While wild pigs of different breeds are found in a variety of geographic regions spanning the globe, the conditions of those locations have many things in common. Pigs, no matter what the breed, generally share environmental wants and needs. They are adaptable beasts that can tolerate a wide range of climates. As they are found in nature, they tend to gravitate toward specific environments more than others.
Pigs are adaptable animals that can live virtually anywhere. They make themselves comfortable in climates both warm and hot. As long as they have access to water, food and shelter, they can make do. Pigs don't have many natural predators, and because they reproduce quickly and eat almost anything they can get their snouts around, they are able to adapt to a wide variety of locales.
Feral pigs are non-migratory animals, so they inhabit only those regions with favorable climates. In the United States, for instance, feral pigs live in the south and southeast of the country as well as on the California coast. While pigs can tolerate living in colder northern climates -- after all, plenty of pig farms operate in the north -- wild pigs gravitate to warmer areas close to water. Pigs in the wild generally don't live more than a day's walk away from a source of water.
Wild pigs in North America are descended from boars that were imported generations ago, so while their breeding may be slightly different from that of their distant cousins in Africa and Asia, they seek out similar environments. For example, wild pigs wallow in the mud as a way of protecting their skin from parasites and the harsh UV rays of the sun. They are natural scavengers with a diet that consists mostly of plants, invertebrates and small mammals and birds. Whether they live in North America or a continent across the globe, then, they naturally stay in environments where these resources are abundant.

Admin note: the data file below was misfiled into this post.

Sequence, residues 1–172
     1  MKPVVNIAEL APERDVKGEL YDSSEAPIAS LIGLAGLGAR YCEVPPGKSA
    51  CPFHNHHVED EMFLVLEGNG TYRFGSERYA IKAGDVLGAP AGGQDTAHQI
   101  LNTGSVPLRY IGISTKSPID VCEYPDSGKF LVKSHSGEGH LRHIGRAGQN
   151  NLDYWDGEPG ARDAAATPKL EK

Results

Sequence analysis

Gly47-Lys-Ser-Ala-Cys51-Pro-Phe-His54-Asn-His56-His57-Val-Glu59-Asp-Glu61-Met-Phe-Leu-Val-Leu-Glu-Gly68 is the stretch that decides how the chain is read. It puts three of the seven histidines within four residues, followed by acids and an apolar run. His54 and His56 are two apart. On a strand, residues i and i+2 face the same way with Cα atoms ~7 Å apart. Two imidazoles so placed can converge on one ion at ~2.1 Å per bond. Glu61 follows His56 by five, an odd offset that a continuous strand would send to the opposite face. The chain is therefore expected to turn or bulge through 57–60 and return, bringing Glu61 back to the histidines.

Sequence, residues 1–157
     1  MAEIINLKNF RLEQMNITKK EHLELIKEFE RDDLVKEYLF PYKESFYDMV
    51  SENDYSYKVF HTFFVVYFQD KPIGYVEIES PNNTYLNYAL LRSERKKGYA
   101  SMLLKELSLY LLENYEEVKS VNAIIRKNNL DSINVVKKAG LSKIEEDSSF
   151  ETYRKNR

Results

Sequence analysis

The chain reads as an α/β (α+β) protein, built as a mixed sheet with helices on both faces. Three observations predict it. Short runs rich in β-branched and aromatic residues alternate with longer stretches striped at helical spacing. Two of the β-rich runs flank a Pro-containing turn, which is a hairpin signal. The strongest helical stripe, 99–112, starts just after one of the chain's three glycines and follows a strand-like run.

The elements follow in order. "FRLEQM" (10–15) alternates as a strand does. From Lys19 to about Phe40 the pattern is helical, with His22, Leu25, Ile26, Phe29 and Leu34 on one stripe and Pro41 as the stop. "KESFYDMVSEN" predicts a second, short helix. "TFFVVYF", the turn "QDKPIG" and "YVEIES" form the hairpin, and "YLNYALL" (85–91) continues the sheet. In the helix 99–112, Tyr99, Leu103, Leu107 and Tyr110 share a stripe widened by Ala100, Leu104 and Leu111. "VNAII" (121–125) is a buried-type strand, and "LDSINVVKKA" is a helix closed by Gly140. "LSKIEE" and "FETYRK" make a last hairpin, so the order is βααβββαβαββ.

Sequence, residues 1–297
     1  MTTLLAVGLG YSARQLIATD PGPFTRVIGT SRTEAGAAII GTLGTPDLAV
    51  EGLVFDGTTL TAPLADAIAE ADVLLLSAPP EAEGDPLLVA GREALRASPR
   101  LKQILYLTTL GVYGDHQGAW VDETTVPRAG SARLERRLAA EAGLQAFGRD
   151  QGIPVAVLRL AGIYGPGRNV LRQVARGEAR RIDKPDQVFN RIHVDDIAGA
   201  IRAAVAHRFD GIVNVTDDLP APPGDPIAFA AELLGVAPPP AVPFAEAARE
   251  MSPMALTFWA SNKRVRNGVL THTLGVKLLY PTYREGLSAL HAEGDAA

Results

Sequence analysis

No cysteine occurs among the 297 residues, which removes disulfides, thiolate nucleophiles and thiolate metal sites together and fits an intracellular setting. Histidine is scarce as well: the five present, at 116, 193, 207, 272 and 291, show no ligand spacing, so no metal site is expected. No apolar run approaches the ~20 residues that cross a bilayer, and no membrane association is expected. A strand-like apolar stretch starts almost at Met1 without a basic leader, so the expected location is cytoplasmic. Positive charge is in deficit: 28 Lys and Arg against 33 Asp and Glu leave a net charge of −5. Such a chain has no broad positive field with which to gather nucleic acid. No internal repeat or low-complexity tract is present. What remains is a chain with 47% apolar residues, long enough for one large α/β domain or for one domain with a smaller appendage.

No Pigs Allowed
Wild and feral pigs aren't found just anywhere, despite the fact that they could survive in most habitats. In some states, wild pigs are banned because they pose an ecological threat. For example, in Indiana, wild pigs are a threat to agriculture, livestock, water supplies and wildlife, and their proliferation could cause harm to the local ecosystem. While wild pigs could naturally survive there with the region's natural resources, it would be detrimental to the rest of the agriculture and wildlife. State wildlife services in Indiana and states with similar laws monitor the pig population carefully.
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Tom Ryan is a freelance writer, editor and English tutor. He graduated from the University of Pittsburgh with a degree in English writing, and has also worked as an arts and entertainment reporter with "The Pitt News" and a public relations and advertising copywriter with the Carnegie Library of Pittsburgh.